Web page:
DOINews: USFWS-Prairie Wetlands Learning Center Features George Washington Carver as Naturalist of Month

Last edited 09/05/2019

photos of kids participating in USFWS Prairie Learning Center event
Fourth- and fifth-graders at the USFWS' Prairie Wetland Center learn about George Washington Carver, explore the prairie wetlands on cross-country skis, and make observations about what they have learned. View additional photos on the center's Facebook page here.

By Molly Stoddard, USFWS

"A very large part of a child's education must be gotten outside of the four walls designated as classroom."

At our Prairie Wetlands Learning Center, we couldn't agree more with this statement from George Washington Carver.

In honor of Black History Month, Carver serves as our February Naturalist of the Month for the PWLC's Prairie Science Class.

This year, 175 fourth- and fifth-graders in this unique partnership learned about Carver as a boy naturalist and adult botanist and inventor.

Then they eagerly donned cross-country skis and snowshoes to explore the prairie wetlands environment, searching for inspiration for new natural inventions, making observations, sketching a prairie scene, and thinking about what nature has taught them.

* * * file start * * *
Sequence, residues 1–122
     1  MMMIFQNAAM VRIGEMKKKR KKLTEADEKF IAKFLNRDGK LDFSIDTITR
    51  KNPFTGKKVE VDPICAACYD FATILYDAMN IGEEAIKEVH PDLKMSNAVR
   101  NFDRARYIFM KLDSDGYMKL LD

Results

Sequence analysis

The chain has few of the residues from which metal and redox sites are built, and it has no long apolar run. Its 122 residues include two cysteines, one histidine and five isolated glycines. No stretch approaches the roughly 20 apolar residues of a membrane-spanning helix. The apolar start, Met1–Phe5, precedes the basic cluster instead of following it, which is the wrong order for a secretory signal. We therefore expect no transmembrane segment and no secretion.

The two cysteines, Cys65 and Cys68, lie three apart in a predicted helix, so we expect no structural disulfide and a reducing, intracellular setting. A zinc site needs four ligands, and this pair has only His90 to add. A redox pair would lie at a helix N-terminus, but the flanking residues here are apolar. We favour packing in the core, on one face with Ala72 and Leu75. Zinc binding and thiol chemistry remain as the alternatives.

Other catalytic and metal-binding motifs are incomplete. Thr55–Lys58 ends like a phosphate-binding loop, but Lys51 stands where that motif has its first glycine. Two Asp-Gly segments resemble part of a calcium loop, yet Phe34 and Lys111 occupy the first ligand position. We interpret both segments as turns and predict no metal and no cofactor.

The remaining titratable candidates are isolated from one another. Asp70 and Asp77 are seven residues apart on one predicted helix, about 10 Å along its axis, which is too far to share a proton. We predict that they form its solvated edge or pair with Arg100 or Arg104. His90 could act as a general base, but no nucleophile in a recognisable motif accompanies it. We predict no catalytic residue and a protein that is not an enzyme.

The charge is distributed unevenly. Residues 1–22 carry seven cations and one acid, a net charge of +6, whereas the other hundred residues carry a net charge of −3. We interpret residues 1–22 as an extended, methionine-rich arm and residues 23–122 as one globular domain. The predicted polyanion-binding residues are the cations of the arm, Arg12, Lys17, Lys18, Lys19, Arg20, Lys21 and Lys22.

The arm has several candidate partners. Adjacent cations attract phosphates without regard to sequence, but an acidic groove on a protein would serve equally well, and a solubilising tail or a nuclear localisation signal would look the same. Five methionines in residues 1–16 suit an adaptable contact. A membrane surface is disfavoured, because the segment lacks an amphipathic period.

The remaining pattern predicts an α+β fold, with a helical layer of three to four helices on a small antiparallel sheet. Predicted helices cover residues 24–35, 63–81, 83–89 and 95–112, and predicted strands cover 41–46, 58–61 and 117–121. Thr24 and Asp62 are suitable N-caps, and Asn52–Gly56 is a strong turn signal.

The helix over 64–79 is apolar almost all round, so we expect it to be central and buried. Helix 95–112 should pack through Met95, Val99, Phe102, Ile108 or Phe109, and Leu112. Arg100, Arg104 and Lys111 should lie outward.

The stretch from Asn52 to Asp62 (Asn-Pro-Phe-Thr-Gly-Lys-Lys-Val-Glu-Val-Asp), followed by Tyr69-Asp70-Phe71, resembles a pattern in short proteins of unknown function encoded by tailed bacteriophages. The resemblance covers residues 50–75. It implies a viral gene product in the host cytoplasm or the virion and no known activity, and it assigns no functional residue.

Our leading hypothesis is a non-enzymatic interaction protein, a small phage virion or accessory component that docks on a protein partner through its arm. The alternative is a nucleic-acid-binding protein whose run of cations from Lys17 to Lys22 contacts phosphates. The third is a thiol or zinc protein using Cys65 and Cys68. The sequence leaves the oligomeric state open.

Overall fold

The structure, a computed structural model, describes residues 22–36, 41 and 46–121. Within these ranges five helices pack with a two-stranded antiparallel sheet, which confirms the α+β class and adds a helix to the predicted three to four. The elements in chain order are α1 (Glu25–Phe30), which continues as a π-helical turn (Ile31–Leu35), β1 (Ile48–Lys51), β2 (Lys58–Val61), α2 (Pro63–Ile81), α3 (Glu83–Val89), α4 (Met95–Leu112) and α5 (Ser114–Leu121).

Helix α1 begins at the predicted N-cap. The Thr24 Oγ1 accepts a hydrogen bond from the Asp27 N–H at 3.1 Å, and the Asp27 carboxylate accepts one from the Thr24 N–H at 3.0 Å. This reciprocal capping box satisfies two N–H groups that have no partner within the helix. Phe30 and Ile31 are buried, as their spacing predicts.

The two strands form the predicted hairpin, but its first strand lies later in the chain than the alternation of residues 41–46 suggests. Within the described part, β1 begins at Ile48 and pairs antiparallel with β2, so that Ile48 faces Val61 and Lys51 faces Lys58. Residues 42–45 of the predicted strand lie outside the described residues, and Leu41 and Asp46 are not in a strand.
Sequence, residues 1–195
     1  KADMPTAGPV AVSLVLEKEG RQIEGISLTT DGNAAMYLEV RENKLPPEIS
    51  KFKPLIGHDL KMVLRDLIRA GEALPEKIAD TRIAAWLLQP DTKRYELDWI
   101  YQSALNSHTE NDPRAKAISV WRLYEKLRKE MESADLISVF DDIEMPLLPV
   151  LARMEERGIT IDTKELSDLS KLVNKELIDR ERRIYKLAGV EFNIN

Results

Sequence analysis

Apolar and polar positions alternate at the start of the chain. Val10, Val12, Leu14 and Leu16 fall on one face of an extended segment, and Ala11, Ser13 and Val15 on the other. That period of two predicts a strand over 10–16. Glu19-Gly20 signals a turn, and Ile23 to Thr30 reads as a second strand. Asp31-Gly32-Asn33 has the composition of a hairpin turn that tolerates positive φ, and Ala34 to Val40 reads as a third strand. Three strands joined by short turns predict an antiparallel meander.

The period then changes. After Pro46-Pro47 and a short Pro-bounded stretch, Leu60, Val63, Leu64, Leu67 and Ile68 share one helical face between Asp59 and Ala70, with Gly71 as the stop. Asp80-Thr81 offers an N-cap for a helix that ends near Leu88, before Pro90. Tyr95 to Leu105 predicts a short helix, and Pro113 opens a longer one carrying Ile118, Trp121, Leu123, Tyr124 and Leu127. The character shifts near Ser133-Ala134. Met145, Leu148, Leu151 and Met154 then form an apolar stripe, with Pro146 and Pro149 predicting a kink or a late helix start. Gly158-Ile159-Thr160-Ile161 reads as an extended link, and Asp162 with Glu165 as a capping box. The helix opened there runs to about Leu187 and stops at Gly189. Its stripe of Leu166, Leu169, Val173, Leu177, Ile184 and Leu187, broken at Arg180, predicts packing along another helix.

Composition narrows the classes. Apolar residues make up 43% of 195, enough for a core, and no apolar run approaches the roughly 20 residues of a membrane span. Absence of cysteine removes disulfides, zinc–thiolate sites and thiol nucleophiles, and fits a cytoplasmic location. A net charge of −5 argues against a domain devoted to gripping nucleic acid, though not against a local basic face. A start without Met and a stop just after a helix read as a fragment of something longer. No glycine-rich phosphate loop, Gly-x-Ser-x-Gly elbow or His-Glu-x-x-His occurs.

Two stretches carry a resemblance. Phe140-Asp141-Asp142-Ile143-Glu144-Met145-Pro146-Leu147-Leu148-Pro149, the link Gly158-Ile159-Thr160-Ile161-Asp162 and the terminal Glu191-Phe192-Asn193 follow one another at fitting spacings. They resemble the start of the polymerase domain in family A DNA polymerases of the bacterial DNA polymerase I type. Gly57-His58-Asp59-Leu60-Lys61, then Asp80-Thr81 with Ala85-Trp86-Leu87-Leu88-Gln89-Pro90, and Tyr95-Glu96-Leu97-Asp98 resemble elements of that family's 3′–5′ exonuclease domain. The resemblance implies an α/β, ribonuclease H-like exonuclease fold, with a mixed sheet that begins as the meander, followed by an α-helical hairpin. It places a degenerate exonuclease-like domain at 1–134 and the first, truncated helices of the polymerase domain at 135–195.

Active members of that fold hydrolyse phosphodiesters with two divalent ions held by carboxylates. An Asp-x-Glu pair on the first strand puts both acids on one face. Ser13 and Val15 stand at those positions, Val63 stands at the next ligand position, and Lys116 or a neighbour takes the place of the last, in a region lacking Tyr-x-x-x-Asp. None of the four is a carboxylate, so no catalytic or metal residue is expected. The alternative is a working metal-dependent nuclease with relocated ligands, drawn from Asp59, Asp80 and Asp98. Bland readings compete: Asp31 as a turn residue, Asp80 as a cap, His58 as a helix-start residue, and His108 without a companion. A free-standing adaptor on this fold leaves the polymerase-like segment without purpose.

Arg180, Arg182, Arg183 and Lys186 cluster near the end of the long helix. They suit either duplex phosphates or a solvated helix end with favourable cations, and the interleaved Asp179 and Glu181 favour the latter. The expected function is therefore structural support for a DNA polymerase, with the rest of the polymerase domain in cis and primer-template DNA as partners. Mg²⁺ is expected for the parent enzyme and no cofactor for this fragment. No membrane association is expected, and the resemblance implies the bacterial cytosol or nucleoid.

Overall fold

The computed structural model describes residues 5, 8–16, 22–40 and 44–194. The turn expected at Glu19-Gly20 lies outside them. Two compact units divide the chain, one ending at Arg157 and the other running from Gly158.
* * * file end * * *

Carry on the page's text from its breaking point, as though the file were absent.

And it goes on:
While earning his masters of science degree at Iowa State College, Carver recognized the importance of hands-on teaching and the concept of bringing the classroom to the field to help farmers.

He took his students on hikes, field trips, and specimen hunts and guided them to see the interconnectedness of nature.

One way he educated farmers in soil conservation was by driving around the countryside in his Jessup Agricultural Wagon, displaying dairy equipment and farm operations. He brought a message of ecology and hope to southern farmers at a time they needed it most.

Carver made American history many times in his life. Although he was born into slavery, was kidnapped and orphaned as an infant, and was weak and ill as a child, he became deeply religious, inspired to learn as much as he could about the natural world around him.

Credited for powering the economic recovery of the southern U.S. after the Civil War, our beloved "Peanut Man" and Henry Ford shared a biofuel vision long before the demand rose.

Yet despite adversity, his success began and flourished throughout his life from the simple notion of knowing the nature of the place where you live.

"To those who have as yet not learned the secret of true happiness, begin now to study the little things in your own door yard," Carver said.

In his spirit and honor, the Prairie Science Class and many other children visiting Service lands across this great country are encouraged that any man or woman, any boy or girl, can be a naturalist and become an amazing American in service to others.

Molly Stoddard is an instructional systems specialist at the Prairie Wetlands Learning Center. A version of this story appears on Feb. 21 USFWS Open Spaces blog.

Related Link:

USFWS-Praire Wetlands Learning Center

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